glickman.jpgVariety published an essay this morning by Dan Glickman, the head of the Motion Picture Association of America, on the future of moviegoing in the age of Movies On Demand and portablevideo. "Our industry again is being challenged to ask questions about how to stay fresh as we continue to tell these stories," Glickman writes. "What do customers want and how can we deliver it? How can the theatrical experience be made more attractive? What are the best ways to capitalize on new technology? How are we going to compete in this on-demand world? In short, what is the next evolution of the movies?"

His "solutions" to these problems go no further than unchecked Pollyannaism. He acknowledges that theater owners are facing stiff competition from Netflix, TiVo, and Movielink, but beyond an empty promise that we're heading into a "new age of digital cinema, which will redefine the term "state-of-the-art" theater", he's really doesn't have much to offer as an alternative. When Glickman tosses out creampuffs like, "Going to the movies is and will continue to be one of the few opportunities for shared experience in an increasingly individualized world", it's hard not accuse him of wearing blinders. The MPAA is a lobbying organization, and as such, we can't really expect much from its representatives beyond hyperbole and platitude. Still, one would hope that, when faced with dark skies, its leader could come up with something a little less wishy-washy than all that.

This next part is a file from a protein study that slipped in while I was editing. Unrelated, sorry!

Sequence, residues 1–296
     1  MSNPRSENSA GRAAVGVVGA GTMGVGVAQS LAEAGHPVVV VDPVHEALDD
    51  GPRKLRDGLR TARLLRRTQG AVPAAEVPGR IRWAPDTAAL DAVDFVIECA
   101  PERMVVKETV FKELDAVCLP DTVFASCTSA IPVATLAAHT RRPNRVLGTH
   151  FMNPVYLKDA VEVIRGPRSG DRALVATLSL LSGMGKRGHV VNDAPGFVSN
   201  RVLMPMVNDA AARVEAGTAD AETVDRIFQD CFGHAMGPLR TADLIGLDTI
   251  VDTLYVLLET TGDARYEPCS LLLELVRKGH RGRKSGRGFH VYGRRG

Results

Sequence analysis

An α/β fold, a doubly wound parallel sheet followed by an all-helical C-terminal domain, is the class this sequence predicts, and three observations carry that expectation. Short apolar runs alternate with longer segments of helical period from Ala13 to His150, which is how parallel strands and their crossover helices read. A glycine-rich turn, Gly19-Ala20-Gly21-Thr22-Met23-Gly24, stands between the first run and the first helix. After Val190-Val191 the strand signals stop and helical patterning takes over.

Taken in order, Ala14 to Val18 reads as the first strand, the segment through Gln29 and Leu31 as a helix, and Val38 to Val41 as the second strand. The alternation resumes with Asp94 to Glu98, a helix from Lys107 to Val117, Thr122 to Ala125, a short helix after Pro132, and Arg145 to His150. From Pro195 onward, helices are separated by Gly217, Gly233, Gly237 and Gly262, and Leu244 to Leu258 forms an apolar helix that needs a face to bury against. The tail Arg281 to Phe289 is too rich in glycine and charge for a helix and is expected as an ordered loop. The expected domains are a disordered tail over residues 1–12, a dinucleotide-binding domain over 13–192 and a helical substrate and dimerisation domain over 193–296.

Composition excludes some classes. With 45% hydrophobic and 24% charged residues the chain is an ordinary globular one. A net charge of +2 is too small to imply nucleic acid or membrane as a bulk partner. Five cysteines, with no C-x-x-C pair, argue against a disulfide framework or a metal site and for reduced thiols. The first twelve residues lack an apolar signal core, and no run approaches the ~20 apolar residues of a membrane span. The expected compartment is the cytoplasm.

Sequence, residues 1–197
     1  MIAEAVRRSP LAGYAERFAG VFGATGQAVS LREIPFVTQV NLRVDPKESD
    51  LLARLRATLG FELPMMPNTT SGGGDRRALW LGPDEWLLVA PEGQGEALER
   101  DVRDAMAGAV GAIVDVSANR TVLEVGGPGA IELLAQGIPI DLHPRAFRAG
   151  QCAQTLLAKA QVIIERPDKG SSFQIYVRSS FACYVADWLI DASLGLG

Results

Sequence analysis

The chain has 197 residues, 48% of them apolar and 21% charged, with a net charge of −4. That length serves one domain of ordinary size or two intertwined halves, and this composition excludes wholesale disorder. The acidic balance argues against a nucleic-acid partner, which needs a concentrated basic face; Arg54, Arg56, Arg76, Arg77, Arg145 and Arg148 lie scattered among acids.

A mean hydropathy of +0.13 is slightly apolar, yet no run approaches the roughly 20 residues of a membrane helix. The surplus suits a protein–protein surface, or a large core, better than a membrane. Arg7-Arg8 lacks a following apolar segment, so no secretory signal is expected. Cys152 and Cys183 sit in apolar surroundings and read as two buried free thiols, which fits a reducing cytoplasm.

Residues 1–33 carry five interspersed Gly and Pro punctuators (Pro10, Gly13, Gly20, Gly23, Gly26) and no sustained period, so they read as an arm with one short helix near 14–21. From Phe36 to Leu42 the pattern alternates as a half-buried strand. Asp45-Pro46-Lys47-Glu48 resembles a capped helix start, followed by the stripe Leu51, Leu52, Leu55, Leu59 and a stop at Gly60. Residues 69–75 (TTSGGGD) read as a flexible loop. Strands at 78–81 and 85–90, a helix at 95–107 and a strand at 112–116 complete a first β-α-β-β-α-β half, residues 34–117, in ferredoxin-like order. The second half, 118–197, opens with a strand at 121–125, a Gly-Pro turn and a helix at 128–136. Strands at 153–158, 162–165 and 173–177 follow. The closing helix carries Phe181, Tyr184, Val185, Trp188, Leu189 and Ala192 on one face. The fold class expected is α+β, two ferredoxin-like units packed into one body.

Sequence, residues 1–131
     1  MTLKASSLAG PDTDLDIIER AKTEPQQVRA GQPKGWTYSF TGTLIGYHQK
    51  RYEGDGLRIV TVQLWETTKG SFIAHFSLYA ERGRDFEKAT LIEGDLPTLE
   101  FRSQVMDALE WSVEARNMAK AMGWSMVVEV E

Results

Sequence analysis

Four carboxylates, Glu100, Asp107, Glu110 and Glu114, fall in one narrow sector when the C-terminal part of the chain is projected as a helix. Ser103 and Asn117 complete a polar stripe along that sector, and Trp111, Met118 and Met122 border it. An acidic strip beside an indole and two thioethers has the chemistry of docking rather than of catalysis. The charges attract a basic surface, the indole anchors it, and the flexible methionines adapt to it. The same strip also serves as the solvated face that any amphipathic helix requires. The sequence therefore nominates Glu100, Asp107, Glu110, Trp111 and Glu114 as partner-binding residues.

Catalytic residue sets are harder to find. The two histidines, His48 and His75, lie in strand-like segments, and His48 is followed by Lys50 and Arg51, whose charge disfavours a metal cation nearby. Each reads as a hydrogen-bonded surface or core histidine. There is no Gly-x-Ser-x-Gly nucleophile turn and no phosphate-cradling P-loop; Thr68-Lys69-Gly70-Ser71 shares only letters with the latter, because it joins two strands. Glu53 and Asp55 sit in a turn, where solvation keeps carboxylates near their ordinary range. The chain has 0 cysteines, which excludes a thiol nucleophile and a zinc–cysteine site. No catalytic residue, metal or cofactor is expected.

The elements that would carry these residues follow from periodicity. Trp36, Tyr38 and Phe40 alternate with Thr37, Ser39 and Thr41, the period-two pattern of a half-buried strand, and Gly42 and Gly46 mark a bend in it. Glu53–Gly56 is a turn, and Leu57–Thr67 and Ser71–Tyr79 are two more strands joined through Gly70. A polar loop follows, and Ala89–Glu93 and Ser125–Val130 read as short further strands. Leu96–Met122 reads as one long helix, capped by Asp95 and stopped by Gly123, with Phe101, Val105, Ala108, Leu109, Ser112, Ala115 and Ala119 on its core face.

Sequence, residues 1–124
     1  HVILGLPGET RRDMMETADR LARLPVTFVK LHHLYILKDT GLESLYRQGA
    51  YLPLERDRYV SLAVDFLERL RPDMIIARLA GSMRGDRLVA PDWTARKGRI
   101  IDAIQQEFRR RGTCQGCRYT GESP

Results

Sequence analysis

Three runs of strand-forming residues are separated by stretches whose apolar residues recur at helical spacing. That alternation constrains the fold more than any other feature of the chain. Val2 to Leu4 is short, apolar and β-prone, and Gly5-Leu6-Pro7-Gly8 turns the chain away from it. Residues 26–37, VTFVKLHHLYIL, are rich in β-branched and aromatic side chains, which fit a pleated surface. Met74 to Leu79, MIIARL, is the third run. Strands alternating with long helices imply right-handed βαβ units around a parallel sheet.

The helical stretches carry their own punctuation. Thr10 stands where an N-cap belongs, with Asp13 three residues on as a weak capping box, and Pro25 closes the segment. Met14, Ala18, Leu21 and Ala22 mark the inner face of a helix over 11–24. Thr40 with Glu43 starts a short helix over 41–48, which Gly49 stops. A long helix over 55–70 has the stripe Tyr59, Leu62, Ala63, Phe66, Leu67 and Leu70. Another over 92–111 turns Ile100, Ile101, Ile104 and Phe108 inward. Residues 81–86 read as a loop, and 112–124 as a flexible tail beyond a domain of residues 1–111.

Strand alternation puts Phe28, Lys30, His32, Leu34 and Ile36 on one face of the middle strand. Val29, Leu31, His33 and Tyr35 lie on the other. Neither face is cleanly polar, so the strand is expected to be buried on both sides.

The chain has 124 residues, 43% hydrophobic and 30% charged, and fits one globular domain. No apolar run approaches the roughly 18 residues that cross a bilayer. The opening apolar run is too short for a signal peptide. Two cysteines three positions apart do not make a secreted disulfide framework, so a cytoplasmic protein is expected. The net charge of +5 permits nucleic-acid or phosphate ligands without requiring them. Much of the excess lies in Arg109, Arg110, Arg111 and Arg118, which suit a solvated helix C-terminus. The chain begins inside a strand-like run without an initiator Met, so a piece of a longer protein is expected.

categories Movies, Cinematical